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Hedges - A farmer's perspective

Hedges - A farmer's perspective

Catherine Keena, Richard O’Brien, Teagasc and Aoife Leader, Walsh Scholar discuss mapping biodiversity on Donal Kavanagh's farm. Donal, a dairy farmer, is one of 11 Future Farmers in the Teagasc / Glanbia knowledge transfer programme, promoting sustainable practices on farm to improve biodiversity


Donal Kavanagh is a dairy farmer milking 230 cows and producing both spring and winter milk near Baltinglass Co. Wicklow. Donal is one of eleven Future Farmers involved in the Teagasc / Glanbia Ireland knowledge transfer programme which prioritises the promotion of sustainable practices and helping farmers to implement changes that improve their environmental, economic and social sustainability. Encouraging the implementation of biodiversity management practices is a core aspect of this. Donal is also involved in an ongoing study by Walsh Scholar and UCD MAIS student Aoife Leader which aims to identify communication methods that are effective in bringing about positive changes in biodiversity management practices. A key aspect of this study has been the mapping of biodiversity features on Donal’s farm. The total percentage of biodiversity features on Donal’s farming platform is 6%. There are almost 9Km of hedges on Donal’s farm which make up 2% of the farming platform area.

A look inside the hedge

Donal highlights the importance of the hedges that are present on his farm. These hedges are important landscape features that provide shelter for stock, prevent the spread of airborne diseases, regulate waterflow and trap silt. They are also valuable biodiversity features. The hedges on Donal’s farm act as movement corridors and networks for nature that provide nesting sites and song posts for birds, roosting sites for bats, and cover from predators for small mammals and birds. Donal emphasises the variety of native species that can be found in the hedges around his farm such as whitethorn, blackthorn, dog rose, ivy and brambles. The hedges allow space for these native plants to grow which in turn provide a varied supply of food for pollinators and birds throughout the year.

Maintaining existing hedges

As a farmer Donal believes that it is important for him to maintain existing hedges on his farm. When it comes to managing mature hedges, Donal targets height in the hedges to ensure there is enough cover from predators above and below for hedge nesting birds. He also aims to shape these hedges into a triangular profile by side trimming and leaving a peak as high as possible at the top of the hedge. This move away from low, boxed shaped hedges will improve the quality of Donal’s hedges and their contribution to nature. In addition, Donal allows occasional thorn trees to mature along the hedge which then flower and fruit providing a valuable food source for pollinators and birds.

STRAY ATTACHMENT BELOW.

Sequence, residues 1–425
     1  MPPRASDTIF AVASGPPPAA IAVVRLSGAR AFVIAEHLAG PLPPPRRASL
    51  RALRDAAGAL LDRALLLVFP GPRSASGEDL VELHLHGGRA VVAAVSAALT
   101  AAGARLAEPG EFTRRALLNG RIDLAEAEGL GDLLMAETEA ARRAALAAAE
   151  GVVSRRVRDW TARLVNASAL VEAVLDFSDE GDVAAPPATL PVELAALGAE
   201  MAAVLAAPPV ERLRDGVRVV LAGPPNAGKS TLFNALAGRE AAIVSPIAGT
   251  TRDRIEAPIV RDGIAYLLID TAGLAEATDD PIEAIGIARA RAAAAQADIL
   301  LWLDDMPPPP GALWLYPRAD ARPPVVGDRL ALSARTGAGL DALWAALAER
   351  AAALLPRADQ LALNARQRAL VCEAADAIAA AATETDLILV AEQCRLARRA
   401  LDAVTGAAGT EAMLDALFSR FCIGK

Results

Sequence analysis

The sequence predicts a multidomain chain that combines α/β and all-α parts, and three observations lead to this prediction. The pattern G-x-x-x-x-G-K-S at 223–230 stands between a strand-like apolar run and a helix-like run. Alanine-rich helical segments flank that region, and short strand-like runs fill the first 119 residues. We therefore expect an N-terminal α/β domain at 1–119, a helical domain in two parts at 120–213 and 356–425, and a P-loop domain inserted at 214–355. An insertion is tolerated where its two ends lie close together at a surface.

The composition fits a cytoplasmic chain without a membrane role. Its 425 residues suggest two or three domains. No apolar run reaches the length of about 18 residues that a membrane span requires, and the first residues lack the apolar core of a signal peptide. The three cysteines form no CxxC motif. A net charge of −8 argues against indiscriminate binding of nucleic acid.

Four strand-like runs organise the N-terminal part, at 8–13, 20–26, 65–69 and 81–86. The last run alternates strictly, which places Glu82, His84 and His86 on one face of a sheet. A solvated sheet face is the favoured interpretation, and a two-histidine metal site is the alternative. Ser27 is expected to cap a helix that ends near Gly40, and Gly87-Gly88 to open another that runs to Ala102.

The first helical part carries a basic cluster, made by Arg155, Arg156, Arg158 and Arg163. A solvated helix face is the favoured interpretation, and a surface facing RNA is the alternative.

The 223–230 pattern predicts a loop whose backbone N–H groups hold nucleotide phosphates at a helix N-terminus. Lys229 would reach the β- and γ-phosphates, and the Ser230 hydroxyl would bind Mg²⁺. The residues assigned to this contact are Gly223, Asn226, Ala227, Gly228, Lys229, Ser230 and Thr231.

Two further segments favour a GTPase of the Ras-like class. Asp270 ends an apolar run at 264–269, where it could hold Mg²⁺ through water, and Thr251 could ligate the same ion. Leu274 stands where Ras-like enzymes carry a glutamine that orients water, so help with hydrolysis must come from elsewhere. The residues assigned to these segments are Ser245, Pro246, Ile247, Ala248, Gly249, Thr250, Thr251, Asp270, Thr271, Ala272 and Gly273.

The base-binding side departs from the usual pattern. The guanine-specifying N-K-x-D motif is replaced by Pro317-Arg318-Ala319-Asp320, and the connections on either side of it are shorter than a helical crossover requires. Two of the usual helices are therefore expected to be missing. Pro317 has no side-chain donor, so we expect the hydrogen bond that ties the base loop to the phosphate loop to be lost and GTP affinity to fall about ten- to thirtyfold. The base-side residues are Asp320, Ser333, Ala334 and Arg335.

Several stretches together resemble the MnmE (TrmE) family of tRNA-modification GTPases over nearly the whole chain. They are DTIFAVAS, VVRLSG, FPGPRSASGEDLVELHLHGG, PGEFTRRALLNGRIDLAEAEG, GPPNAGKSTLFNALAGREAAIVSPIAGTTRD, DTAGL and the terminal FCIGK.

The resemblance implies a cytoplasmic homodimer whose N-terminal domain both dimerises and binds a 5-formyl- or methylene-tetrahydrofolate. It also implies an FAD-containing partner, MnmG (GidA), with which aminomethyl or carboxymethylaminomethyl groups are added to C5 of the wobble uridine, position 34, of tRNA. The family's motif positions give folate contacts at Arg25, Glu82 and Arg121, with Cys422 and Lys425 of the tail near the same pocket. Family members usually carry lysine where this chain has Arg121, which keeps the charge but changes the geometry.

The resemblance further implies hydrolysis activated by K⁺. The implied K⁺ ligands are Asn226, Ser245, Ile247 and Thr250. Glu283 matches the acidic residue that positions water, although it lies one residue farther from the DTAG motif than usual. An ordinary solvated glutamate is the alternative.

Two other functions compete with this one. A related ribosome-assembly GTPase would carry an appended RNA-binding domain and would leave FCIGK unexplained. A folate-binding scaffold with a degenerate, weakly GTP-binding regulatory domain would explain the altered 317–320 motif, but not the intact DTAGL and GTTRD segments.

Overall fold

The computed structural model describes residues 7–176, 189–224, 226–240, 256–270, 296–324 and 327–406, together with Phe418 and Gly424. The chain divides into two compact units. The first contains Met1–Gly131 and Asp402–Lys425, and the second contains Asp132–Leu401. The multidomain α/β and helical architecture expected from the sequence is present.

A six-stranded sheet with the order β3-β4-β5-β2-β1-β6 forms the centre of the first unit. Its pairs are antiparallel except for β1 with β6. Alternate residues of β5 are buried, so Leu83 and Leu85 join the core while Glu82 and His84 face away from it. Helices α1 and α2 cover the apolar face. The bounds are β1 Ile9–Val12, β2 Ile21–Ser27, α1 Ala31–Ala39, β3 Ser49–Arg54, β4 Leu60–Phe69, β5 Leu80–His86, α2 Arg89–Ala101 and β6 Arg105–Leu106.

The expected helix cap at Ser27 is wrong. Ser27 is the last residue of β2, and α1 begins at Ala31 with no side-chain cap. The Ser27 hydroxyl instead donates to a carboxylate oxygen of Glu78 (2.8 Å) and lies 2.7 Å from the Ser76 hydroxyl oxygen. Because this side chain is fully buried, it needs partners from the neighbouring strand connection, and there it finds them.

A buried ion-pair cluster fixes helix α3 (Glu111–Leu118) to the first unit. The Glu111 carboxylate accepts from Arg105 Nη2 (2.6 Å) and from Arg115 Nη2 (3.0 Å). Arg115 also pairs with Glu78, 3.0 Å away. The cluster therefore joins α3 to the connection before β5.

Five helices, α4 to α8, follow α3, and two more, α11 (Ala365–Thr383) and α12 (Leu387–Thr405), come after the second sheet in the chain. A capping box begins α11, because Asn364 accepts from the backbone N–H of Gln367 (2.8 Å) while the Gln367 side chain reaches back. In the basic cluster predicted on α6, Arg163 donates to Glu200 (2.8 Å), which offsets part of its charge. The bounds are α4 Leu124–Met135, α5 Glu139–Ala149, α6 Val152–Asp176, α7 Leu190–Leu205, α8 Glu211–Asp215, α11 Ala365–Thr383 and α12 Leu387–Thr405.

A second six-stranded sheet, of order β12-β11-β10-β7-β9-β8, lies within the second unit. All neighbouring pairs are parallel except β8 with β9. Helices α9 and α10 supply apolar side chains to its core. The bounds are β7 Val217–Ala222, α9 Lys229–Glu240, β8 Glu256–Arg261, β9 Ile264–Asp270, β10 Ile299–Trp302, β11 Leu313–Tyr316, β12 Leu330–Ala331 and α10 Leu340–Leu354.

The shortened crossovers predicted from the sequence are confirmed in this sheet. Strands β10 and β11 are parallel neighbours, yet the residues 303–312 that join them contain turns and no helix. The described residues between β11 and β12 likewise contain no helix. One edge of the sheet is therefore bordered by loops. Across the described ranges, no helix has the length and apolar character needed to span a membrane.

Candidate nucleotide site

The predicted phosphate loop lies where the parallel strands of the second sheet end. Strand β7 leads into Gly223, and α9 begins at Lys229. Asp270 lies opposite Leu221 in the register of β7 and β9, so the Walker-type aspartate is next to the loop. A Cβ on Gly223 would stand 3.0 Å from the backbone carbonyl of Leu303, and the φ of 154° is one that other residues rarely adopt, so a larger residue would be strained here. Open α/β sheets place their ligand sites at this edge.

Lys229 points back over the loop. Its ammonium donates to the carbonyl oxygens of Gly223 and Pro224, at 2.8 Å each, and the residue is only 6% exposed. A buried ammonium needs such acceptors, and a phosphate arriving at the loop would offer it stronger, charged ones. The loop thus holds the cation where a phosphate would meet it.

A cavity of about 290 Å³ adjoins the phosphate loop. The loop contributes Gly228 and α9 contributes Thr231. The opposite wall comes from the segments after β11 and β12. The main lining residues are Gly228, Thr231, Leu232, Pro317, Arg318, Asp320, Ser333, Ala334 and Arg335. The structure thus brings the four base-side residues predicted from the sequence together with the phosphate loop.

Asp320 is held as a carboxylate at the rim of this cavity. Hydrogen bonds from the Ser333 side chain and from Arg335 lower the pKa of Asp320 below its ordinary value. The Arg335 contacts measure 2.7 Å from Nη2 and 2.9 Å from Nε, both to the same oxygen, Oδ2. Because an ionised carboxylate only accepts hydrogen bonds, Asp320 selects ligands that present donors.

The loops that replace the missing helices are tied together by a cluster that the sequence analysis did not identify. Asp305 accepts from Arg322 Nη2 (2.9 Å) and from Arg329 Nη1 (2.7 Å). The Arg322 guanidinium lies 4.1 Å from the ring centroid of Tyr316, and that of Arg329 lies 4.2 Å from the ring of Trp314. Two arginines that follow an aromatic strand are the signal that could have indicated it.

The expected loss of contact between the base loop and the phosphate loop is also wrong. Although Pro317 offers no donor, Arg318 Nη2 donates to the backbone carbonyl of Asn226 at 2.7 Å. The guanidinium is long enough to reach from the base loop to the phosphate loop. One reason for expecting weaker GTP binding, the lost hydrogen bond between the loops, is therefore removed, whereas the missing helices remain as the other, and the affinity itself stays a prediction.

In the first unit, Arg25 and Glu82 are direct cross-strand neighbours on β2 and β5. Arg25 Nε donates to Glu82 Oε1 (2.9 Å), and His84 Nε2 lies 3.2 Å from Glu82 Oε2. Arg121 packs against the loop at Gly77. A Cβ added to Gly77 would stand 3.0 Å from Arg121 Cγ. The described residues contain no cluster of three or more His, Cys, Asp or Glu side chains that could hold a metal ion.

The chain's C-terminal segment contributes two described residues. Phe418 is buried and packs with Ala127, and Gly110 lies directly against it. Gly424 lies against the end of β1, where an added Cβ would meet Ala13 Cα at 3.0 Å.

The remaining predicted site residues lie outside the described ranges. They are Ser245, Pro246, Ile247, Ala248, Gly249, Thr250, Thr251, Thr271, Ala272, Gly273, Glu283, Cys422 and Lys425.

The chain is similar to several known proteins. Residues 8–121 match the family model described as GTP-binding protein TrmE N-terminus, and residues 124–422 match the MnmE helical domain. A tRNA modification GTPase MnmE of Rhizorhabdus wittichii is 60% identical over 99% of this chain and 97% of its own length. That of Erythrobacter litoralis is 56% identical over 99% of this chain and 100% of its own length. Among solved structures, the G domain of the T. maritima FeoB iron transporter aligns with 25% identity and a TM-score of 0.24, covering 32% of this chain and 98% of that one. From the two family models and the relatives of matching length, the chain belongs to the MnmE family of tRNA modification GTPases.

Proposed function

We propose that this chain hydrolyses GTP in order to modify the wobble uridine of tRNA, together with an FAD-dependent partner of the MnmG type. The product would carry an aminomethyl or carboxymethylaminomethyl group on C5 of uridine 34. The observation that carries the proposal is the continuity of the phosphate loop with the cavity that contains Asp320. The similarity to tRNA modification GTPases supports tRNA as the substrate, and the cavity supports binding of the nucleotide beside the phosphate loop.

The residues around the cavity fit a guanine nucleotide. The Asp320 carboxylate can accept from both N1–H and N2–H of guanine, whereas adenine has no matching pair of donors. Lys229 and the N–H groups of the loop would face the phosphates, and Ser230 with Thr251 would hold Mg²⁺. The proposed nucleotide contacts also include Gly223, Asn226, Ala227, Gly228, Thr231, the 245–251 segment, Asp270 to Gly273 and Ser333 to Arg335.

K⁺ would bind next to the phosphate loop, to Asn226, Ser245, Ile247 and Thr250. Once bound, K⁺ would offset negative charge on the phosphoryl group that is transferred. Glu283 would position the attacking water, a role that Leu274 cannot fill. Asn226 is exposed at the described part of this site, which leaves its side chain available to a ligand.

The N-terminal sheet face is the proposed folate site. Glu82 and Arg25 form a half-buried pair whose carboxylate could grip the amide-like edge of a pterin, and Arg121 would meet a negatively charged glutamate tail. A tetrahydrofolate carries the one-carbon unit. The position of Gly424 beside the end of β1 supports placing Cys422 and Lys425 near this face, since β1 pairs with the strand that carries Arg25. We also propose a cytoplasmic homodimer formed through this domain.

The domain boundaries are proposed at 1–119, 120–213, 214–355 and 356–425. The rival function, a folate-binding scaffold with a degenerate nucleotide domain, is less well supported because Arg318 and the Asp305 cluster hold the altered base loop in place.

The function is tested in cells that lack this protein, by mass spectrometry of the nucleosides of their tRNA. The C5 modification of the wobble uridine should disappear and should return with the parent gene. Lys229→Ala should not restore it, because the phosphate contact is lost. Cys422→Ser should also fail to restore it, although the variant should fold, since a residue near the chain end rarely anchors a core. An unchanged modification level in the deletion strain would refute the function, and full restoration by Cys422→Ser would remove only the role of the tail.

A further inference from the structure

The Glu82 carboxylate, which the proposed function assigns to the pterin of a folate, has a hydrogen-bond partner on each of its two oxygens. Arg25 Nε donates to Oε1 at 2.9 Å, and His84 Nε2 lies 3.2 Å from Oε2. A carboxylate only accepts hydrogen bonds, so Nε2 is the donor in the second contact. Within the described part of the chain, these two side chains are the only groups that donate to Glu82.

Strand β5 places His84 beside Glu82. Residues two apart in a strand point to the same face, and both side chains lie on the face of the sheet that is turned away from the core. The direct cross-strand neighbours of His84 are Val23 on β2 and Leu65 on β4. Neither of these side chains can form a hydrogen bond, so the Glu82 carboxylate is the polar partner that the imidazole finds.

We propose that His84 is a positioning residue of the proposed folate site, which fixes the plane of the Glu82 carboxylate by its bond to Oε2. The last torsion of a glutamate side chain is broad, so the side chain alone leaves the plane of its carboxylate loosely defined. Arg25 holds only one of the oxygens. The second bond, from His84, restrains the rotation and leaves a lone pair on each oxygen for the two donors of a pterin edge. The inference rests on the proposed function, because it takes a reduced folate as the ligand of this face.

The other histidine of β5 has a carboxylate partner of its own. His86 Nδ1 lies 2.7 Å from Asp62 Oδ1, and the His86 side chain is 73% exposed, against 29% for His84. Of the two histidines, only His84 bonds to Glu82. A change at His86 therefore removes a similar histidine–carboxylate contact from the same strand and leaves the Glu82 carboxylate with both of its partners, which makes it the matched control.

Managing a new hedge

Donal planted a predominantly whitethorn hedge two years ago and explains his management strategy for this hedge going forward. Firstly, Donal will to identify individual whitethorn plants to be retained as individual thorn trees. He will mark them with a tree guard so that these plants will eventually grow into mature whitethorn trees that will flower and fruit. For the rest of the hedge plants, the plan is to prune back the plants to ground level when dormant during the winter so that these whitethorn plants will produce multiple shoots increasing the density of the hedge at the base. In subsequent years he will cut this new hedge a just little above the level of the previous cut to ensure the hedge becomes dense and vigorous.

Plans for the future

Currently Donal’s average field size is 10ha. Average field size is proxy for the extent of linear biodiversity features such as hedgerows and watercourses and the target for this is 5ha. Donal plans to plant a new native hedge which will extend the connections and corridors for nature throughout the farming platform and contribute to a reduction in average field size.

Conversations with Contractors

To change hedge management practices, communication with the hedge cutting contractor is essential. Donal highlights the value of having a conversation with his hedge cutting contractor and explaining to him what he wants to achieve from the hedge cutting. From leaving some thorn trees uncut to shaping the hedges into a triangular profile – farmers need to make sure their contractor knows what they want.


To see all of the activity of Hedgerow Week follow this link https://www.teagasc.ie/environment/biodiversity--countryside/farmland-habitats/hedgerows/